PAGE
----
Ramadan event at Islamic Center of Pittsburgh promotes acceptance
The Islamic Center of Pittsburgh celebrated the Muslim holy month of Ramadan on Sunday during its annual Humanity Day, at which local educators were honored for promoting acceptance and understanding of different faiths.
“Ramadan is about showing mercy and compassion,” the center's Sheikh Atef Mahgoub said after beginning the event with a prayer for peace. “It's about setting our priorities straight.”
The center in Oakland honored many non-Muslims, a fitting gesture for an event that promotes tolerance, said keynote speaker Alia Bilal, who works for Chicago's Inner-City Muslim Action Network.
“To me, it's a day when everyone from around the community, people of different faiths, different walks of life get a chance to come together and celebrate their successes,” she said. “The United States is a country where we've been able to do things, to bring diverse conglomerations of humanity together. It doesn't always mean people exist as peacefully and harmoniously as we'd like, but it brings a huge opportunity.”
Among those honored was Marinus Iwuchukwu, the chair of Duquesne University's Christian-Muslim Dialogue. He said he instructs all of his students to visit places of worship they have never before experienced.
“I have made it my duty to engage my students with other religions,” Iwuchukwu said. “They tell me that they wouldn't do it if they weren't asked to do it, but having done it, it was some of the greatest experiences of their lives.”
The Rev. Thomas Hart, a theology instructor at St. Vincent College in Unity, said Muslims and Catholics must engage in meaningful dialogue, adding that “any dialogue worthy of the name requires trust ... and trust cannot be simply expected or demanded, it has to be earned.”
“We're all living in the same community, and there are social problems facing all of us,” he said. “Certainly, we can ... cooperate and show the world what that cooperation might look like in addressing social issues.”
Julianne Slogick, a teacher at Mt. Lebanon High School, was honored for bringing her students to the Oakland mosque regularly, the only teacher in the county who returns every year, officials said. Fran Leap, an associate professor of religious studies at Seton Hill University, was honored.
About 200 people attended the event, which ended with a meal to break the daily Ramadan fast.
“We in the Peduto administration believe in including and acknowledging faith in what we do — it is separate, but it isn't,” said Valerie McDonald Roberts, chief urban affairs officer for Pittsburgh. “This is beautiful. Please continue to dialogue, to communicate. We are all in the same boat.”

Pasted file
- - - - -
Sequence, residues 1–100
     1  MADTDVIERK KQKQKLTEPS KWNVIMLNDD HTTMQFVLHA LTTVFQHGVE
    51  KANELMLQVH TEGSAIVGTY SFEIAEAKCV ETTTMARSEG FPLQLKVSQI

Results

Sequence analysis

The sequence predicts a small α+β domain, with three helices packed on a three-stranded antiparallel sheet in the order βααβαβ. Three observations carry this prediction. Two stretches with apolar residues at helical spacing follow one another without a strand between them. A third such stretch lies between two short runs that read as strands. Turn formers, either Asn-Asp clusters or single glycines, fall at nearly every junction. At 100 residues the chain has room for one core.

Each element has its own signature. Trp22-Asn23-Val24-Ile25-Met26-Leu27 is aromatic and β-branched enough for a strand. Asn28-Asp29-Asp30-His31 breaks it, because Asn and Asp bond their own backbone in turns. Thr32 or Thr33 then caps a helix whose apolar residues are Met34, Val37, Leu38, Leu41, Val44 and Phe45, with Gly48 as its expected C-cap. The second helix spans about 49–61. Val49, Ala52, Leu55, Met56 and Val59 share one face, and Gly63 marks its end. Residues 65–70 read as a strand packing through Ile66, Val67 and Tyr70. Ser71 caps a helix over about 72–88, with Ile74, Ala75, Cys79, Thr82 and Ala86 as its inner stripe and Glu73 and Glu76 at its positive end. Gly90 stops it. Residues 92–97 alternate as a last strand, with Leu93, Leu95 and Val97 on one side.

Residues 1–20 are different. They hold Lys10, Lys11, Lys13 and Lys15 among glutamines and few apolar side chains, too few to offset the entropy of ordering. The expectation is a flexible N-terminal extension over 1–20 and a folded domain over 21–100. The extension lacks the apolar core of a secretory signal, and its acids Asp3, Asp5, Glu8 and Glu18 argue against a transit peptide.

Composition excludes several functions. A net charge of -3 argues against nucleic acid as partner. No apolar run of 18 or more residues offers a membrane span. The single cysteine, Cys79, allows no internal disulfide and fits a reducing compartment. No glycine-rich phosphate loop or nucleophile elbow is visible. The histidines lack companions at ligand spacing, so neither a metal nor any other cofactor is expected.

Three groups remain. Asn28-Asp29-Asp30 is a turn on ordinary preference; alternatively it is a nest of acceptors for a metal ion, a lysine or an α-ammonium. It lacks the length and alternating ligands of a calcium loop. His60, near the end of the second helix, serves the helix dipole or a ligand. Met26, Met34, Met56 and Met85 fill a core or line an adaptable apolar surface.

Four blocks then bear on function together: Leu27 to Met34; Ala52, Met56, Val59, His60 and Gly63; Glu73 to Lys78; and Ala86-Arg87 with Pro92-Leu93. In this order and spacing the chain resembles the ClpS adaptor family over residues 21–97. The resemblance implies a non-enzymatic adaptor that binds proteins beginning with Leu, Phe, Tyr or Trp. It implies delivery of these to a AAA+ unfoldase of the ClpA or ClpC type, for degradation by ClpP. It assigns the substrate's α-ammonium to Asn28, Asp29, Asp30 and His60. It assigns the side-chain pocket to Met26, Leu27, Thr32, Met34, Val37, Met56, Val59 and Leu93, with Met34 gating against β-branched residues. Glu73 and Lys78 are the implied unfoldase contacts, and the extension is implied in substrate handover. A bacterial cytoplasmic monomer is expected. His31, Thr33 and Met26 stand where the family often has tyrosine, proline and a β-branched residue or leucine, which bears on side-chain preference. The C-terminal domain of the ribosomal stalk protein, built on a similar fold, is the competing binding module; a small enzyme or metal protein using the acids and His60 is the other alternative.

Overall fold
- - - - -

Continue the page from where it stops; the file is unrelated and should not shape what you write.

Chris Togneri is a staff writer for Trib Total Media. He can be reached at 412-380-5632 or firstname.lastname@example.org.
Show commenting policy
TribLive commenting policy
You are solely responsible for your comments and by using TribLive.com you agree to our Terms of Service.
We moderate comments. Our goal is to provide substantive commentary for a general readership. By screening submissions, we provide a space where readers can share intelligent and informed commentary that enhances the quality of our news and information.
While most comments will be posted if they are on-topic and not abusive, moderating decisions are subjective. We will make them as carefully and consistently as we can. Because of the volume of reader comments, we cannot review individual moderation decisions with readers.
We value thoughtful comments representing a range of views that make their point quickly and politely. We make an effort to protect discussions from repeated comments either by the same reader or different readers.
We follow the same standards for taste as the daily newspaper. A few things we won't tolerate: personal attacks, obscenity, vulgarity, profanity (including expletives and letters followed by dashes), commercial promotion, impersonations, incoherence, proselytizing and SHOUTING. Don't include URLs to Web sites.
We do not edit comments. They are either approved or deleted. We reserve the right to edit a comment that is quoted or excerpted in an article. In this case, we may fix spelling and punctuation.
We welcome strong opinions and criticism of our work, but we don't want comments to become bogged down with discussions of our policies and we will moderate accordingly.
We appreciate it when readers and people quoted in articles or blog posts point out errors of fact or emphasis and will investigate all assertions. But these suggestions should be sent via e-mail. To avoid distracting other readers, we won't publish comments that suggest a correction. Instead, corrections will be made in a blog post or in an article.
- PennEnvironment planning Clean Air Act lawsuit
- Broken water main causes sinkhole that swallows truck in Overbrook
- Carnegie Museum of Natural History’s banding program a labor of love for avian expert
- 2 quit race for Plum school board
- Strip District, Shadyside startups headed to White House
- New interim director to take over VA regional office in Pittsburgh
- Leetsdale council accepts resignation of police chief
- Pittsburgh airport improvements noted as CEO tries to expand activity
- Developers share their vision for Garden Theater block on North Side
- Philadelphia firm to defend Intergovernmental Cooperation Authority in lawsuit
- Pittsburgh police seek dark blue BMW that hit cyclist in East Liberty